The gospel isn’t my work—thanks be to our Lord and Savior Jesus Christ!—but the gospel is mine. As the Reformer Martin Luther says, “If you leave out ‘for us’, the entire sermon is for nothing.”[14] Every time we speak the gospel, we can and should add these two words—“for us.”

Jesus Christ was conceived by the Holy Spirit and born of the Virgin Mary for us.

Jesus Christ was crucified, died, and was buried for us.

Jesus Christ rose again from the dead on the third day for us.

Jesus Christ ascended into heaven for us.

As the psalmist says, “The LORD has done great things for us” (Psalm 126:3). The gospel is ours because Christ is ours.

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  1. www.christianitytoday.com/scot-mcknight/2020/april/good-news-are-t4g-tgc-leaders-starting-to-change-their-gosp.html; www.christianitytoday.com/scot-mcknight/2020/april/king-jesus-gospel-mere-kingship-no.html; www.9marks.org/article/a-t4g-2020-sermon-what-is-and-isnt-the-gospel/.
  2. Gregory D. Gilbert, What Is the Gospel? (Wheaton: Crossway, 2010), ch. 1 “Finding the Gospel in the Bible.”
  3. Matthew W. Bates, Gospel Allegiance: What Faith in Christ Misses for Salvation in Christ, ch. 1 “Getting the Gospel Right.”
  4. Matthew W. Bates, Gospel Allegiance: What Faith in Christ Misses for Salvation in Christ, ch. 1 “Getting the Gospel Right.”
  5. https://www.9marks.org/article/a-t4g-2020-sermon-what-is-and-isnt-the-gospel/
  6. www.9marks.org/article/a-t4g-2020-sermon-what-is-and-isnt-the-gospel/
  7. www.9marks.org/article/a-response-to-scot-mcknight-and-matthew-bates/
  8. www.christianitytoday.com/scot-mcknight/2020/april/why-t4gtgc-leaders-must-fix-their-gospel.html
  9. www.christianitytoday.com/scot-mcknight/2020/may/gospel-and-its-benefits.html
  10. www.christianitytoday.com/scot-mcknight/2020/april/good-news-are-t4g-tgc-leaders-starting-to-change-their-gosp.html
  11. Gregory D. Gilbert, What Is the Gospel? (Wheaton: Crossway, 2010), ch. 5 “Response—Faith and Repentance.”
  12. John Piper, God Is the Gospel: Meditations on God’s Love As the Gift of Himself (Wheaton: Crossway, 2005), 45. Ironically Piper agrees with Bates that “justification is not an end in itself”—rather the highest goal of the gospel is to see God. Both Piper and Bates are concerned about confusing something’s benefit with the thing itself: Piper is worried about folks settling for the benefit of justification as a get-out-of-jail card rather than seeing God; Bates is worried about folks seeing salvation as the gospel rather than Jesus’ kingship.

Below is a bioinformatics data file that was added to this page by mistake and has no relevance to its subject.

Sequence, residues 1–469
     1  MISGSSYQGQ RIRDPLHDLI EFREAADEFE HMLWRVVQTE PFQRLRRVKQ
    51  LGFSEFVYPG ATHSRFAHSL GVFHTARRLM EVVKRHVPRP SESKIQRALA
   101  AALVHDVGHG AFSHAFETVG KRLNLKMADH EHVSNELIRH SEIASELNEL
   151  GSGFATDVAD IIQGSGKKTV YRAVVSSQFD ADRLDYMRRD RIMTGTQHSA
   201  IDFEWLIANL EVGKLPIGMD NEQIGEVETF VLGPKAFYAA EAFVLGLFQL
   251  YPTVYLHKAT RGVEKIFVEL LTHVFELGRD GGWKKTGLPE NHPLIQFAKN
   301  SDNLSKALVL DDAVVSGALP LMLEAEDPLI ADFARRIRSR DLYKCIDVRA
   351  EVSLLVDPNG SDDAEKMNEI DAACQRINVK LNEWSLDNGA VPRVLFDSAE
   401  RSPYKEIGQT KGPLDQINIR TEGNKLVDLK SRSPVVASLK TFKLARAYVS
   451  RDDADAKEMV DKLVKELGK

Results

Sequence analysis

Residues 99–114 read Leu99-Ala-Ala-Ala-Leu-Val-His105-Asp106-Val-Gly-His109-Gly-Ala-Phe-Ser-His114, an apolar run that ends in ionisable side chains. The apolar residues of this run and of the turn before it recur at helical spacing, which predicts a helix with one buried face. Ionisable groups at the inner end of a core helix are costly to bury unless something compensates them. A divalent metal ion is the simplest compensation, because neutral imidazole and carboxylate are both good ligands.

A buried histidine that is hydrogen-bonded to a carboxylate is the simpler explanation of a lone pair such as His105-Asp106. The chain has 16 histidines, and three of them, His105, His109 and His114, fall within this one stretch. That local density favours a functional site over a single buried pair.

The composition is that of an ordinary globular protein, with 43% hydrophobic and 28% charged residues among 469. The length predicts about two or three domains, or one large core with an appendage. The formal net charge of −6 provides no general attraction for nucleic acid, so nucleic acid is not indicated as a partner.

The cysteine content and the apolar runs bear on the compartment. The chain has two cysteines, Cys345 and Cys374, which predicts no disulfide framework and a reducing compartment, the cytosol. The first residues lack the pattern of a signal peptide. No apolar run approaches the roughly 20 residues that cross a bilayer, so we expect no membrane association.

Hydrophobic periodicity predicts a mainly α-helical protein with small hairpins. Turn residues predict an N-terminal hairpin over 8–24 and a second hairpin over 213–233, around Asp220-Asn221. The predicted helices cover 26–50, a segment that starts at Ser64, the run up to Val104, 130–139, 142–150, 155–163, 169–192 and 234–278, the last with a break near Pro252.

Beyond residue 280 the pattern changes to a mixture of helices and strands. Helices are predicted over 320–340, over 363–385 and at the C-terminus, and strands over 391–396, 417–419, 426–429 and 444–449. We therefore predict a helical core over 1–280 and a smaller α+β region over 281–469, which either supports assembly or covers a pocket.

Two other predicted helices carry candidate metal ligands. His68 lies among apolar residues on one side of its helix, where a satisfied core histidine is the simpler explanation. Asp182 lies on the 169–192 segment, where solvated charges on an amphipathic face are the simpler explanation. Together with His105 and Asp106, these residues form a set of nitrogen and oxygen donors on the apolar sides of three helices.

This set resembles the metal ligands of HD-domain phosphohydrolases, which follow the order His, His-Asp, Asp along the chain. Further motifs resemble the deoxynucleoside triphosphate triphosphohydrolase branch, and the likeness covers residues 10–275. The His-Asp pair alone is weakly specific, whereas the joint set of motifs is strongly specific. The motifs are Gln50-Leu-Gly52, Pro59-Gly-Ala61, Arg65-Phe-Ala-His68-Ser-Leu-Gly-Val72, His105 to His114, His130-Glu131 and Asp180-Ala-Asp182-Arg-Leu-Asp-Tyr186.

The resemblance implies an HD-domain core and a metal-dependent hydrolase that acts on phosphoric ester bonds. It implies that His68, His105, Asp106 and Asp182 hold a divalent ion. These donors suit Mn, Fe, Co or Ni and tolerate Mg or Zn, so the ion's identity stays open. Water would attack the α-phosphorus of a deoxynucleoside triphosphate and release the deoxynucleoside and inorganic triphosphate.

13. Matthew W. Bates, Gospel Allegiance: What Faith in Christ Misses for Salvation in Christ, ch. 1 “Getting the Gospel Right.” Gilbert similarly warns against looking away from Jesus to one’s own works: “Realize that the fruit you bear is merely that—the fruit of a tree already made good by God’s grace in Christ. To rely on your own Christian fruit to secure God’s favor is ultimately to shift your faith from Jesus to yourself. And that is no salvation at all” (Gilbert, What Is the Gospel?, ch. 5 “Response—Faith and Repentance.”
  14. Sermon on the First Day of Christmas (1529), WA 27:493.7–8.
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Posted by Todd Hains

Todd R. Hains (PhD, Trinity Evangelical Divinity School) is academic editor for Lexham Press. He previously served as assistant project editor for the Reformation Commentary on Scripture.

One Comment

  1. This article doesn’t really engage the issue under discussion. Bates and McKnight are primarily concerned with the referent of the word “gospel” in the New Testament. They are seeking to clarify how the Bible itself defines this key word. Thus, neither Romans 6 nor the Apostles’ or Nicene creeds answer this particular exegetical question because the term “gospel” does not even appear in those texts!

    Bates and McKnight agree that Jesus’ work as the Messiah was for our salvation and includes his atoning death, and they affirm all the doctrines and biblical truths described above. But they are striving to distinguish what the Reformed theologian distinguished when he titled his book “Redemption Accomplished and Applied.” They maintain that the reference of the word “gospel” is Jesus’ work in accomplishing redemption (the historia salutis), not the application of Jesus’ work to individuals by the Spirit (the ordo salutis). The two go together, but one can distinguish redemption accomplished and applied for exegetical reasons without separating them or denying the significance of either for our personal experience. And one doesn’t have to collapse this distinction in order to avoid separating them.

    I think that Michael Bird’s analysis remains one of the best I’ve read: